Sentai Filmworks Bringing 'Grave of the Fireflies' Back to DVD

Ready to have your heart broken right in two?

There are some World War II dramas that are devastating in their impact: The Tin Drum, Schindler's List, and then there's Grave of the Fireflies, based on the somewhat autobiographical story of Studio Ghibli co-founder Isao Takahara and his childhood in the aftermath of the firebombing of Japan. In reading the description, you might think that it's a long, slow slog through starvation and desperation--and yes, it is that--but it's also a lovingly humanistic story about two characters attempting to see one another through a massive, disruptive tragedy in the ruins of their nation.

Well news has come down from Crunchyroll that Sentai Filmworks has acquired the rights to the film and will be planning a remastered DVD sometime next year and digital distribution sometime this winter.

Here's the official description of the heartbreaking drama from Sentai:

Grave of the Fireflies has been universally hailed as both an artistic and emotional tour de force, with famed critic Roger Ebert calling the feature “An emotional experience so powerful that it forces a rethinking of animation” and stating that “it belongs on any list of the greatest war films ever made.” Sentai Filmworks is extraordinarily honored to have been given the privilege of handling the digitally restored version of one of the art of animation’s true crowning achievements.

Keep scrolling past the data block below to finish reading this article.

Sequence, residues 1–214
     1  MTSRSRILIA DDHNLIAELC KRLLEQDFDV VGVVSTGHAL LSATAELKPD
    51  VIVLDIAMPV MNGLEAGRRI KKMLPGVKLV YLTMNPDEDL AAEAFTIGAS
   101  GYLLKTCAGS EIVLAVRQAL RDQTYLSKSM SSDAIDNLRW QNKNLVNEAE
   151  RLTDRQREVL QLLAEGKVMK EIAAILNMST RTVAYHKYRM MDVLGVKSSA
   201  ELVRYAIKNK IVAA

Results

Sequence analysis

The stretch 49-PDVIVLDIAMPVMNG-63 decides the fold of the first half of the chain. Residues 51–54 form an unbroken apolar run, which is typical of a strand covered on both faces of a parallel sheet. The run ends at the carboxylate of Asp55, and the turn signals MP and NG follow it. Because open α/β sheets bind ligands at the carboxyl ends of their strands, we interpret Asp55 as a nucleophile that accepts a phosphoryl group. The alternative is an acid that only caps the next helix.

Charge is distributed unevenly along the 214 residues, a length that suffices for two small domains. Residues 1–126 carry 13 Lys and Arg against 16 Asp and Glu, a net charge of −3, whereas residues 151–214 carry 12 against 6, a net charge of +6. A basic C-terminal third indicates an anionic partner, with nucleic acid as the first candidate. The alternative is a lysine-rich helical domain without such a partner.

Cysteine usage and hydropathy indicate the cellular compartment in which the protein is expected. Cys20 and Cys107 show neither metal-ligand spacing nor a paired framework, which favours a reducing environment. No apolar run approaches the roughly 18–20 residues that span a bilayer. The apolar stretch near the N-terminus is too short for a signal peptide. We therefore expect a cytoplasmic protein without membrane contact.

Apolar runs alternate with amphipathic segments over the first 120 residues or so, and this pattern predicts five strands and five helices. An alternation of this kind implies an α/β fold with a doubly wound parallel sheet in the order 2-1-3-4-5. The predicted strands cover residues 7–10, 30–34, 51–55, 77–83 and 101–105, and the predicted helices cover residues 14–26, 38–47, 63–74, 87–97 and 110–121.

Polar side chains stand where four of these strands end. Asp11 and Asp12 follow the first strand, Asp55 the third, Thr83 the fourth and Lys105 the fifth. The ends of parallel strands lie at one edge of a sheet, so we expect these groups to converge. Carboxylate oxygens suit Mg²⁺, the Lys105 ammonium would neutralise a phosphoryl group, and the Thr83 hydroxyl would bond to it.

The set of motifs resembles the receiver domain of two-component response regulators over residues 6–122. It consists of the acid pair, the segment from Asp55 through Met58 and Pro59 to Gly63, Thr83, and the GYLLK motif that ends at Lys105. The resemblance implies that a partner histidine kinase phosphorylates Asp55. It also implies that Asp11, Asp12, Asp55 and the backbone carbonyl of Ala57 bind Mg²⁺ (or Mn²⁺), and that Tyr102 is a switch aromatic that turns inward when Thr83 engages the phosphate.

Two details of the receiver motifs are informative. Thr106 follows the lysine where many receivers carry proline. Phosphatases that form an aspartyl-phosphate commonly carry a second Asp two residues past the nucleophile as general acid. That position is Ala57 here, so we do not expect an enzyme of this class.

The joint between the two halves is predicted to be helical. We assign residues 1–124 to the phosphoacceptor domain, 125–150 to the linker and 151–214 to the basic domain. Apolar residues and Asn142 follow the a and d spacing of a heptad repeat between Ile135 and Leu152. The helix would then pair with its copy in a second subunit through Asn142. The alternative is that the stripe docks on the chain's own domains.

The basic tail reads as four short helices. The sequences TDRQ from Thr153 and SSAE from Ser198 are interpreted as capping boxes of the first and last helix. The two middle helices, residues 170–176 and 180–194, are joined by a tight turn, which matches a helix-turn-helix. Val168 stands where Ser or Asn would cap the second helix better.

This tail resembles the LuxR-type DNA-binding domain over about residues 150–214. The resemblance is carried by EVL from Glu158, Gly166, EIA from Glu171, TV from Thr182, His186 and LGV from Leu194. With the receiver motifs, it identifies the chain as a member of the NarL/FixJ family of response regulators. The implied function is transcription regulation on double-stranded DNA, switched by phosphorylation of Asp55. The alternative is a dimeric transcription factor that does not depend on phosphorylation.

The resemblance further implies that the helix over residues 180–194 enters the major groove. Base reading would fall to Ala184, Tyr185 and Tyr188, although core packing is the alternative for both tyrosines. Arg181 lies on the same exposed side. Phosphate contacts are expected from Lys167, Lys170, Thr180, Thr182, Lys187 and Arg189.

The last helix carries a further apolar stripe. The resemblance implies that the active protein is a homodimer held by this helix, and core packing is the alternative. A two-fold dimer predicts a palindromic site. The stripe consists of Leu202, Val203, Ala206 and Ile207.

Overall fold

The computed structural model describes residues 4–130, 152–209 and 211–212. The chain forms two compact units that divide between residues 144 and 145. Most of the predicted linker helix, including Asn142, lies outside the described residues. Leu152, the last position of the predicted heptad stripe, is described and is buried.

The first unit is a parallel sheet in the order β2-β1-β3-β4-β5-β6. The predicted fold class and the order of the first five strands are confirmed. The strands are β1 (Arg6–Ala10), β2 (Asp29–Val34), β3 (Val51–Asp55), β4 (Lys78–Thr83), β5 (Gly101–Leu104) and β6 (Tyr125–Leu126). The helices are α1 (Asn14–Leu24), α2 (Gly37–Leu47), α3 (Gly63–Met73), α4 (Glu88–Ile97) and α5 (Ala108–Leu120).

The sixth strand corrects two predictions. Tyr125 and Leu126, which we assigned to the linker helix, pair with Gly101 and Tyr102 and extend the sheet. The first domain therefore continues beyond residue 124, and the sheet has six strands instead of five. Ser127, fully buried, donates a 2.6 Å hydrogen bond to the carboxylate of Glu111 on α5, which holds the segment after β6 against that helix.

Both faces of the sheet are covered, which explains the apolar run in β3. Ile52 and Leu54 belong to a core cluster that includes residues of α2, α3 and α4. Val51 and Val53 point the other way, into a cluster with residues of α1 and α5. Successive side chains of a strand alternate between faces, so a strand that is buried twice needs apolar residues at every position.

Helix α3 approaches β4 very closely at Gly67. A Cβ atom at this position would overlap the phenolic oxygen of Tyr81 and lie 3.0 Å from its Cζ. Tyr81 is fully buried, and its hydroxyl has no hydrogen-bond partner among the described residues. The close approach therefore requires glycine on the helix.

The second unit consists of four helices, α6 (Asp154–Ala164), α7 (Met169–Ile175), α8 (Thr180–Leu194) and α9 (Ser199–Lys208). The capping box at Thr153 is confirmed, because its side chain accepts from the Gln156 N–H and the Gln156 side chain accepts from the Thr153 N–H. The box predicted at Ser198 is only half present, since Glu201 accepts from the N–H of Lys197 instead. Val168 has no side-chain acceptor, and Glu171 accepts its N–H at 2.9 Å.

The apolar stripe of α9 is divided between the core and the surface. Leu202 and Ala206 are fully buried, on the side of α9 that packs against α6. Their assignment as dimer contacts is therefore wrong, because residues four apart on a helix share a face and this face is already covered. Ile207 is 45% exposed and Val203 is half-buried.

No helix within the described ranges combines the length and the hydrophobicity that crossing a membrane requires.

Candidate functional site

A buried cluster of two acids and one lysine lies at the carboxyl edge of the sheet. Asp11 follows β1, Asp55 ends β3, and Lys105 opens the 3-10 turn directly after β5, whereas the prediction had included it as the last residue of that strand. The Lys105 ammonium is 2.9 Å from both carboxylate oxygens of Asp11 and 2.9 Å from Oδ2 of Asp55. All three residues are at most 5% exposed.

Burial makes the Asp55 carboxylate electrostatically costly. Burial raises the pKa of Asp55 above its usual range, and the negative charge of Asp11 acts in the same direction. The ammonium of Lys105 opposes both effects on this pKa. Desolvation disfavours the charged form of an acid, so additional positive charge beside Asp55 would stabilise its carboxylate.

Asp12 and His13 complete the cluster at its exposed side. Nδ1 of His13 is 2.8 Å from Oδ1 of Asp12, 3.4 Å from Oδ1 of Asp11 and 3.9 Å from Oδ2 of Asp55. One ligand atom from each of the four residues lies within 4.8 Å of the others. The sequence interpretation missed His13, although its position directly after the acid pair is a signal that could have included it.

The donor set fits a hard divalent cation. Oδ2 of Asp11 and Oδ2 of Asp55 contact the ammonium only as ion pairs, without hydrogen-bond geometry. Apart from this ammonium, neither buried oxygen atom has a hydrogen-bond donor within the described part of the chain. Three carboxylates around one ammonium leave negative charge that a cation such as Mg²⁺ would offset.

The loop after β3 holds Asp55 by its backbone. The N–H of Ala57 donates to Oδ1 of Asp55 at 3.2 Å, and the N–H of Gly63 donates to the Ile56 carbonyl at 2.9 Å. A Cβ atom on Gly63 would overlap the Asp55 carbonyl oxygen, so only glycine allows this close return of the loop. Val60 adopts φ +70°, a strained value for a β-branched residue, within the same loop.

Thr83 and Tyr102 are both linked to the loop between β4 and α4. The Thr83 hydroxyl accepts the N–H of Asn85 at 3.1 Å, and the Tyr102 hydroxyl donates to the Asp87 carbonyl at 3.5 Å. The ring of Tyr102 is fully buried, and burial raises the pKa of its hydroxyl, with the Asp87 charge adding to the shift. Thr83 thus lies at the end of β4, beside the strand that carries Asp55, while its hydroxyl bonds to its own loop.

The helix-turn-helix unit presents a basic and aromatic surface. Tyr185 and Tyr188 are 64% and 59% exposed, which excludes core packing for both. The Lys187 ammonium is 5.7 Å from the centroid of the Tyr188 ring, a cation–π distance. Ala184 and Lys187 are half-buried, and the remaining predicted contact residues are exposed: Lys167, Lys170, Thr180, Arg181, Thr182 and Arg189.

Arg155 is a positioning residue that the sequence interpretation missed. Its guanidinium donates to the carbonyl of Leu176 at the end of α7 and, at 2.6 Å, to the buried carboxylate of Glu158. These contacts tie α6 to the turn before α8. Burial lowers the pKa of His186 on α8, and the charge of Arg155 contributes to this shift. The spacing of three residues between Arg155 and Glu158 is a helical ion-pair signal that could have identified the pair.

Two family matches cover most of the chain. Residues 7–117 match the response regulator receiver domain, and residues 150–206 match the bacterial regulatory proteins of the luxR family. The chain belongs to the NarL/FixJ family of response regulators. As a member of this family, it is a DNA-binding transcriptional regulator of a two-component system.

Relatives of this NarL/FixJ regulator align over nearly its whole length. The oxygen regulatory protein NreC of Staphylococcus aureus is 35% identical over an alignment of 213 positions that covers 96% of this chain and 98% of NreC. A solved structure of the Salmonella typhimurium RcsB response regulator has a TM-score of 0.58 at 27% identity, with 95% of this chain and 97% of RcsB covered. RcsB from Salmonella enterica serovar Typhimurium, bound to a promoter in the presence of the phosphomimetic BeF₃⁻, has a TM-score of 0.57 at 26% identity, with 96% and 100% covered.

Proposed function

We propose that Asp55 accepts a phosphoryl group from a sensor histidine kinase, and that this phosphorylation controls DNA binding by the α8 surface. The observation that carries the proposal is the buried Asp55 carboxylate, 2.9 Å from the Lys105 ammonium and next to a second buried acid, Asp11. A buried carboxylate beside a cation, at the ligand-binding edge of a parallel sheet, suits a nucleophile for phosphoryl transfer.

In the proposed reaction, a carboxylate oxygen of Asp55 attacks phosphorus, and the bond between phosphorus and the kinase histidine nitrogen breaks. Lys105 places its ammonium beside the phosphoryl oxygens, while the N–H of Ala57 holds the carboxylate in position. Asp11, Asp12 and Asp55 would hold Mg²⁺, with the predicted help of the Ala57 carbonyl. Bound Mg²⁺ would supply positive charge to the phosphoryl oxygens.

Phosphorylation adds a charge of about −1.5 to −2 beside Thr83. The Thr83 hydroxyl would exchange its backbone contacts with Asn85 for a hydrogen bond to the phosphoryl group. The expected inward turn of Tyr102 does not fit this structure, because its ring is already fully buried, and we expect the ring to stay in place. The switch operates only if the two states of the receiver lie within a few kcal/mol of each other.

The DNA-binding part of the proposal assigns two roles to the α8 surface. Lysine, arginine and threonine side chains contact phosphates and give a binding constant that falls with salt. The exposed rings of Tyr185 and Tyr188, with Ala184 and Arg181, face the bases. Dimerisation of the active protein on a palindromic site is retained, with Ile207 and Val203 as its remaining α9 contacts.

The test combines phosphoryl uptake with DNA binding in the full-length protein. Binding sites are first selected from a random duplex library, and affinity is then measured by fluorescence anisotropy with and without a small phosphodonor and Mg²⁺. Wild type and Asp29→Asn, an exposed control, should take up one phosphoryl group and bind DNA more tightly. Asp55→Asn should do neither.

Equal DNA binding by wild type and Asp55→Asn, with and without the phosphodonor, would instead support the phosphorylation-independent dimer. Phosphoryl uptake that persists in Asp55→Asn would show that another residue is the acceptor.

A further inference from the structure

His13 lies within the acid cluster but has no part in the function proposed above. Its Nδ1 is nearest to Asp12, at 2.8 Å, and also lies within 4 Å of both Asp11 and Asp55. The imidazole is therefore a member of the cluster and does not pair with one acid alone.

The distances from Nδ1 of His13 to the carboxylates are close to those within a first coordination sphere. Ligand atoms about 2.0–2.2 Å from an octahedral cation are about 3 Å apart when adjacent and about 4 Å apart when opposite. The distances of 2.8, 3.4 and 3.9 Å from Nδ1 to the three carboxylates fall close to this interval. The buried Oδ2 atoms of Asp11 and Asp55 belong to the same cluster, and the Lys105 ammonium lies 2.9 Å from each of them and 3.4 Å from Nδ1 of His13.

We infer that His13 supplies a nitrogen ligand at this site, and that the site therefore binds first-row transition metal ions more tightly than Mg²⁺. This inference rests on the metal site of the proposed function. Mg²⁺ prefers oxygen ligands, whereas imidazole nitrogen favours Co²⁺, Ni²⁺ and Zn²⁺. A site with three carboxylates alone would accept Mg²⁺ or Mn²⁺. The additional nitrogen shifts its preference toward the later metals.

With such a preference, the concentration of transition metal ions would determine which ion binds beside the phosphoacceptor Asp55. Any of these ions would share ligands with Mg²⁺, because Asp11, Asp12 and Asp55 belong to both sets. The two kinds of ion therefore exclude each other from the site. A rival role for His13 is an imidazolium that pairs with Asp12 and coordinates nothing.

As the Empire of the Sun crumbles upon itself and a rain of firebombs falls upon Japan, the final death march of a nation is echoed in millions of smaller tragedies. This is the story of Seita and his younger sister Setsuko, two children born at the wrong time, in the wrong place, and now cast adrift in a world that lacks not the care to shelter them, but simply the resources. Forced to fend for themselves in the aftermath of fires that swept entire cities from the face of the earth, their doomed struggle is both a tribute to the human spirit and the stuff of nightmares. Beautiful, yet at times brutal and horrifying, it is a film that perhaps only the animated medium could render without completely overloading human senses, transforming the fog of war and the screams of the dying into what Ebert calls “visual poetry.”

The last rights holders for the movie were the now-defunct ADV films, so it's nice to see more of that massive catalog of titles that they held finding new homes.

Look for more news about Grave of the Fireflies sometime next year.

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